Abstract: Data Cards are transparency artifacts that provide structured summaries of ML datasets with explanations of processes and rationale that shape the data. They also describe how the data may be used to train or evaluate ML models. In practice, two critical factors determine the success of a transparency artifact: (1) the ability to identify the information decision-makers use and (2) the establishment of processes and guidance needed to acquire that information. To initiate practice-oriented foundations in transparency that support responsible AI development in cross-functional groups and organizations, we created the Data Cards Playbook — an open-sourced, self-service, comprehensive toolkit consisting of participatory activities, frameworks, and guidance designed to address specific challenges faced by teams, product areas and companies when setting up an AI dataset transparency effort. Through a multi-pronged approach that included surveys, artifact analysis, interviews, and workshops; as well as through insights from design, policy, and technology experts across the industry and academia, we assembled and organized the Playbook into four modules: (1) Ask, (2) Inspect, (3) Answer, and (4) Audit. The Ask and Inspect modules help create and evaluate Data Card templates for organizational needs and principles. The Answer and Audit modules help data teams complete the templates and evaluate the resulting Data Cards. In this tutorial, to help others foster transparent, purposeful and human-centered documentation of datasets within the practical contexts of industry and research, we will walk through each of these modules, highlighting scalable concepts and frameworks that explore foundational aspects of transparency. We will also provide evidence-based patterns to help anticipate challenges faced when producing transparent documentation.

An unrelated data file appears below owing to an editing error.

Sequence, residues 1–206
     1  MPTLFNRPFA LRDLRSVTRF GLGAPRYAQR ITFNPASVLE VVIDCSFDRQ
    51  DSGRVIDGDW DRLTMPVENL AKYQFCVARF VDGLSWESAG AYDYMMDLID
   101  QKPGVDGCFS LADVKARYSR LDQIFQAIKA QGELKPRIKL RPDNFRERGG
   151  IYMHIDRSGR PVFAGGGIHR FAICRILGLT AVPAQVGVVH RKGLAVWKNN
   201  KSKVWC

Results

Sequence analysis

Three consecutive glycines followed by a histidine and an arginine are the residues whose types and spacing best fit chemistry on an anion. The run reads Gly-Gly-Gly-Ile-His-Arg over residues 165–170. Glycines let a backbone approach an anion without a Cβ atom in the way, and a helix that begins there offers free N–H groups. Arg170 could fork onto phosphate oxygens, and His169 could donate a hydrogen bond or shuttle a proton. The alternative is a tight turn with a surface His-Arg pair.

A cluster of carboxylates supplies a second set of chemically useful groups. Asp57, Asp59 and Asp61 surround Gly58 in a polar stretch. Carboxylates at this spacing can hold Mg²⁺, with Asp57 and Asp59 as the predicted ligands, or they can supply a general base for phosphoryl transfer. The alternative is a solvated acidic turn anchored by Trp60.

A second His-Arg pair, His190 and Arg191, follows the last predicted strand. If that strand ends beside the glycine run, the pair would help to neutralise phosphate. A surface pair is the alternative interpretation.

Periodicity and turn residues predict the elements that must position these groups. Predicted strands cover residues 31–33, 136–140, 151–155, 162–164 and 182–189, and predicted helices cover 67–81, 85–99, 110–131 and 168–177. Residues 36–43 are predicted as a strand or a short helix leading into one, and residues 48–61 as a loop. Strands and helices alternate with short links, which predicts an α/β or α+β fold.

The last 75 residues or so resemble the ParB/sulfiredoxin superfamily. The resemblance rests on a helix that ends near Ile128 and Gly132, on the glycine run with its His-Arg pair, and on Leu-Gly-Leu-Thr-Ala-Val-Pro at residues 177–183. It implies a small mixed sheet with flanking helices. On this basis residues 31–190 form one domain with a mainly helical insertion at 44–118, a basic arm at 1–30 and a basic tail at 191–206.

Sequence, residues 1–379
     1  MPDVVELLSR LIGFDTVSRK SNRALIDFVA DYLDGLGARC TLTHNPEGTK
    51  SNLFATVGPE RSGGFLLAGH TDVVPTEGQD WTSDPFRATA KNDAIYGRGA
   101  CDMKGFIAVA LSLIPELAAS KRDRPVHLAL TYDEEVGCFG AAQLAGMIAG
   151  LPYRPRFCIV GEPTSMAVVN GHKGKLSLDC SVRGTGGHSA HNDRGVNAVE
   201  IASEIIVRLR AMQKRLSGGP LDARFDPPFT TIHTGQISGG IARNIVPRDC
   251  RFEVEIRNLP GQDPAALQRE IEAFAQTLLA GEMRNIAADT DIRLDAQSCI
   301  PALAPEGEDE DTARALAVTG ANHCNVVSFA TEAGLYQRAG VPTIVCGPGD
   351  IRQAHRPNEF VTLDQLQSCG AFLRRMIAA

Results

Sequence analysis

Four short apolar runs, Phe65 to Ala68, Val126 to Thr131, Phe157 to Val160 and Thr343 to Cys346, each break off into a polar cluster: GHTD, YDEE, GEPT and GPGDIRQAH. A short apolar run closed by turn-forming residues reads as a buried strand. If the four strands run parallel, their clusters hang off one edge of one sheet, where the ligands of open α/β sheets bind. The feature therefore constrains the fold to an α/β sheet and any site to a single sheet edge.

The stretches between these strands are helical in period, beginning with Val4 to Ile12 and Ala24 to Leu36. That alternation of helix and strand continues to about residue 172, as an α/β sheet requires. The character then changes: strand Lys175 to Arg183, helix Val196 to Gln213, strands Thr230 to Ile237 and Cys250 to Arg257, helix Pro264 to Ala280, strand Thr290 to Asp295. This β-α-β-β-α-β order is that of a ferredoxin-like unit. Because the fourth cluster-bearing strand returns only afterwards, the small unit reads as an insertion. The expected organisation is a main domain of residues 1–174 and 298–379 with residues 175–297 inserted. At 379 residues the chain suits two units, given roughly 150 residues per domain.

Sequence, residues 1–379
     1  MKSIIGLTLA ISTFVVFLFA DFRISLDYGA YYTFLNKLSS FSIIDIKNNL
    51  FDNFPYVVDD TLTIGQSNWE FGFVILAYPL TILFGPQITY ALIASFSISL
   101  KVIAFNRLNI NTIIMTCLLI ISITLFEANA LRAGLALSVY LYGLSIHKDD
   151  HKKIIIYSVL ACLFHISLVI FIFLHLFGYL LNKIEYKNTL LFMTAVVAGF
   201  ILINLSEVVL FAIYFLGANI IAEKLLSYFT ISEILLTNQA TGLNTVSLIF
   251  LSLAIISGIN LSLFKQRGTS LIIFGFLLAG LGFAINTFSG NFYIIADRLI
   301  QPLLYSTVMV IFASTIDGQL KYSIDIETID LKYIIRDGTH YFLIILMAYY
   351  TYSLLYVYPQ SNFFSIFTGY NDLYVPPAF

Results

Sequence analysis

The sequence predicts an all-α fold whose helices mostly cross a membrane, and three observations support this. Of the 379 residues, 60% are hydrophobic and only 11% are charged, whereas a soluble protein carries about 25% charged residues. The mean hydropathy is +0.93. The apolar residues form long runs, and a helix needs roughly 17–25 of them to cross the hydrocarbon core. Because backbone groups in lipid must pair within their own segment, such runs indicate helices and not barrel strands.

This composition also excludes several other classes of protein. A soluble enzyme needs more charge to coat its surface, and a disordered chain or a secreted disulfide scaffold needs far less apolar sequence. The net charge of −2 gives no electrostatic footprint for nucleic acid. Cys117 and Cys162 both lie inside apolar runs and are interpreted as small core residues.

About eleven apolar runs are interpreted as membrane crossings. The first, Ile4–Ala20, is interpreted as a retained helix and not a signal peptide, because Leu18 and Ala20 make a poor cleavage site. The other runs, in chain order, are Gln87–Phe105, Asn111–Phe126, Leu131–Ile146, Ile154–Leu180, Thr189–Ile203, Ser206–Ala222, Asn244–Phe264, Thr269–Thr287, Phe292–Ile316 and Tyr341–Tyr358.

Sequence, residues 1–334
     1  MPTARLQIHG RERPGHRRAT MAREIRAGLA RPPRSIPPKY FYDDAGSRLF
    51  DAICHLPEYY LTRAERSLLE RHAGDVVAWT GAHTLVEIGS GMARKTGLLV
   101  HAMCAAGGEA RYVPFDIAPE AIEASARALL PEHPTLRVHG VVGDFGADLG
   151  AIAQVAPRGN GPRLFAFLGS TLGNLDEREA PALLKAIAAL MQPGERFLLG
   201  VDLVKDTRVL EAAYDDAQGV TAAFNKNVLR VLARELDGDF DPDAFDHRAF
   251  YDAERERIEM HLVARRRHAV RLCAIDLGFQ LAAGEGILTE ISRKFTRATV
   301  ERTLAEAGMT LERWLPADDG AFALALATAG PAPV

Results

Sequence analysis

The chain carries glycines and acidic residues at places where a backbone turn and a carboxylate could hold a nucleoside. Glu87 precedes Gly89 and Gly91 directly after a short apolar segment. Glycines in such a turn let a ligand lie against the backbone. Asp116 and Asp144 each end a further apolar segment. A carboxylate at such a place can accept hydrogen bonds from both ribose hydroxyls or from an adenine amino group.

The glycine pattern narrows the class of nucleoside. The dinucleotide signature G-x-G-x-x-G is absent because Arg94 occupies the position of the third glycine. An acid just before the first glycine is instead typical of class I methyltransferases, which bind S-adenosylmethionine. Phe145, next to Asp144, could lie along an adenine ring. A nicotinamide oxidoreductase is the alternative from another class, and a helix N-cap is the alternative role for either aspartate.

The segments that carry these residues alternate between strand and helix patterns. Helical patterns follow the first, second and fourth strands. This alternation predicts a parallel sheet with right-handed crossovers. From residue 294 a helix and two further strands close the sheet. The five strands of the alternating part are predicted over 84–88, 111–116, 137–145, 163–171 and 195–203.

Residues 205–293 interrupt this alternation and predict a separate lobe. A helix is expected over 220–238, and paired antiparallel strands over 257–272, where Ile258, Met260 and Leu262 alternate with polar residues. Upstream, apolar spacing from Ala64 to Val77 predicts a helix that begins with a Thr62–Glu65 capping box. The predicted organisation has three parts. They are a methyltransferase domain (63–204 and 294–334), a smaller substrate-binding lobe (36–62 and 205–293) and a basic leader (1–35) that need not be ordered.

This proposed tutorial is completely agnostic to data science tools and languages. Practitioners at any level should be able to apply insights from this tutorial into their respective workflows.
Bio: Andrew Zaldivar is a member of the Responsible AI & Human-Centered Technology organization in Google Research. His role is to advocate for the responsible development and use of AI by disseminating and democratizing research findings from his organization. Andrew works with researchers and designers that are examining and shaping the socio-technical processes underpinning AI technologies through participatory, culturally-inclusive, and intersectional equity-oriented approaches. Before joining Google Research, Andrew was a Senior Strategist in Google’s Trust and Safety team, protecting the integrity of some of Google’s key products by utilizing machine learning to scale, optimize, and automate abuse fighting efforts. Andrew also holds a doctorate in cognitive neuroscience from the University of California, Irvine and was an Insight Data Science fellow.